Elephant keepers bathe a sick Thai elephant named Sak Surin. Photo: EBA/Samila Karunaratne
CHIANG MAI: The media in Thailand is talking about an “odyssey”: after months of preparation, Chak Sur’s elephant has returned from Sri Lanka. Even the Environment Minister came to welcome the stricken animal.
An elephant abused in Sri Lanka has been safely returned to Thailand after a long diplomatic tug-of-war. He is in isolation at a special center in the north of the country, the Bangkok Post newspaper reported on Monday, citing officials. Zach Surin, 29, known especially for his long tusks, flew from the Sri Lankan capital Colombo to Chiang Mai on Sunday after months of preparation on a Russian transport plane. The drama about the pachyderm made headlines in both countries. All major media outlets have been covering the case for weeks.
Sak Surin was a gift from Thailand to the Government of Sri Lanka in 2001. Elephants have religious significance in two predominantly Buddhist countries. However, animal rights activists complained that in the former Sri Lanka, he was abused by a mob in a temple (Elephant Leader) and subjected to hard labour. The organization Rally for Animal Rights and Environment (RARE), which drew attention to the case and informed authorities in Thailand, spoke of pus, deep wounds and a permanently stiff leg. Later the government in Bangkok arranged the return transport and provided a special budget for it.
In Thailand, the four-tonne colossus was received by Environment Minister Waraud Silpa-Archa and vets examined it. His condition was so good that, according to the media, he was immediately taken by special transporter and under police guard to the Thai Elephant Conservation Center in Lampang, 70 kilometers away.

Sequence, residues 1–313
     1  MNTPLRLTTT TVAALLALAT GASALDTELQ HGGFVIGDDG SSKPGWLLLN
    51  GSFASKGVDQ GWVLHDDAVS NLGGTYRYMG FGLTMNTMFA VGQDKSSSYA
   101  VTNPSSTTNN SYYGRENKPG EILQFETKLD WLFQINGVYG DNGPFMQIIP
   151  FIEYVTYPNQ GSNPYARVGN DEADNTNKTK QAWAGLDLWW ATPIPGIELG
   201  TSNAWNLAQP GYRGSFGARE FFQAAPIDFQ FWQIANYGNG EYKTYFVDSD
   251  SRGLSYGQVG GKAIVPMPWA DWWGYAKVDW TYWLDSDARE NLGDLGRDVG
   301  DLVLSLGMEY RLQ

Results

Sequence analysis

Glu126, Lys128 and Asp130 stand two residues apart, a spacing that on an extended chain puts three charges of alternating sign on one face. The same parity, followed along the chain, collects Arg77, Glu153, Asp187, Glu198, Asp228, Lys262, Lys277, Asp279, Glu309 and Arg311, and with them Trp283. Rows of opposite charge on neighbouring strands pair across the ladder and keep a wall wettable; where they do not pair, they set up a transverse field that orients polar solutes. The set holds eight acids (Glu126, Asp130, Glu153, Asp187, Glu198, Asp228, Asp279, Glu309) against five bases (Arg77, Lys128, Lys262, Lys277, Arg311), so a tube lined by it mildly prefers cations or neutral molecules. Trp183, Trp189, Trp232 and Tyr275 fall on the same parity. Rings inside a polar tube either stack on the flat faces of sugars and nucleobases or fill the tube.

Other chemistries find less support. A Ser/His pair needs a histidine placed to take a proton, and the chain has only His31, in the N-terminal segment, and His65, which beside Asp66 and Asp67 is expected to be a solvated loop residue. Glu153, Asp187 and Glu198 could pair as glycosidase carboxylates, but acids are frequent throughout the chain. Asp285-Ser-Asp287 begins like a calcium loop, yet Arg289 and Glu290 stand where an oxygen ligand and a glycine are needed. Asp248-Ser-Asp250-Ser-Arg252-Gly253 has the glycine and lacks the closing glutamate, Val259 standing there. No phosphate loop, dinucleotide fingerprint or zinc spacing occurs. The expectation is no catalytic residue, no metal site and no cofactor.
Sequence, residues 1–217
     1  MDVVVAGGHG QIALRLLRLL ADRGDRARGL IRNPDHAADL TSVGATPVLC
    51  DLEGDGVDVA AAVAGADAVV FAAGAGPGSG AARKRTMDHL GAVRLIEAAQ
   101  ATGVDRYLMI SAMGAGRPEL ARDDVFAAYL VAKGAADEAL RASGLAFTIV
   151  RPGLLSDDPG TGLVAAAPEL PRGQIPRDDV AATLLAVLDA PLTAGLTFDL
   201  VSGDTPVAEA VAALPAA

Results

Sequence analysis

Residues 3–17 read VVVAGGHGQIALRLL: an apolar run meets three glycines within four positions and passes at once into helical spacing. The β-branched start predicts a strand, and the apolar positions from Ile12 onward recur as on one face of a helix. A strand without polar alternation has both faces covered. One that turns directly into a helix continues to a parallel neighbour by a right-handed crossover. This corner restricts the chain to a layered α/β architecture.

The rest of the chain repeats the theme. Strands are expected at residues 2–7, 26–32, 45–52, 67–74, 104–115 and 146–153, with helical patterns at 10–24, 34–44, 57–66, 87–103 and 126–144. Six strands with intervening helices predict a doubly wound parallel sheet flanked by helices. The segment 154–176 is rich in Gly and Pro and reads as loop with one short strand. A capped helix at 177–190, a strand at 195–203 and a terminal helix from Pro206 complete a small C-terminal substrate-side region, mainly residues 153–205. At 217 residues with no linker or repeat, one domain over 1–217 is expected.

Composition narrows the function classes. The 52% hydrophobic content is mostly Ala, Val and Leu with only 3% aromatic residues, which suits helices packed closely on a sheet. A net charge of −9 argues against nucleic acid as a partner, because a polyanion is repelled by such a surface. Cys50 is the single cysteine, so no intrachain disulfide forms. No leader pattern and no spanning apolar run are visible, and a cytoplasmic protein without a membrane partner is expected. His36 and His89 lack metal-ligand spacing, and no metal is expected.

According to videos posted on social media, crowds of onlookers flocked to the airport to see the large gray steel box containing the elephant. It took weeks of training to climb into Zach Sur’s box and be quiet for hours. During the flight he was attended to by veterinarians and elephant drivers (mahouts).
Interest is so high that Zach Chur’s live recordings will continue to be streamed on Facebook in the future. After 30 days of isolation and thorough medical treatment, the bull will be reunited with other elephants, as planned. It is currently unclear whether he will eventually be brought back to Sri Lanka, as the government in Colombo wants.
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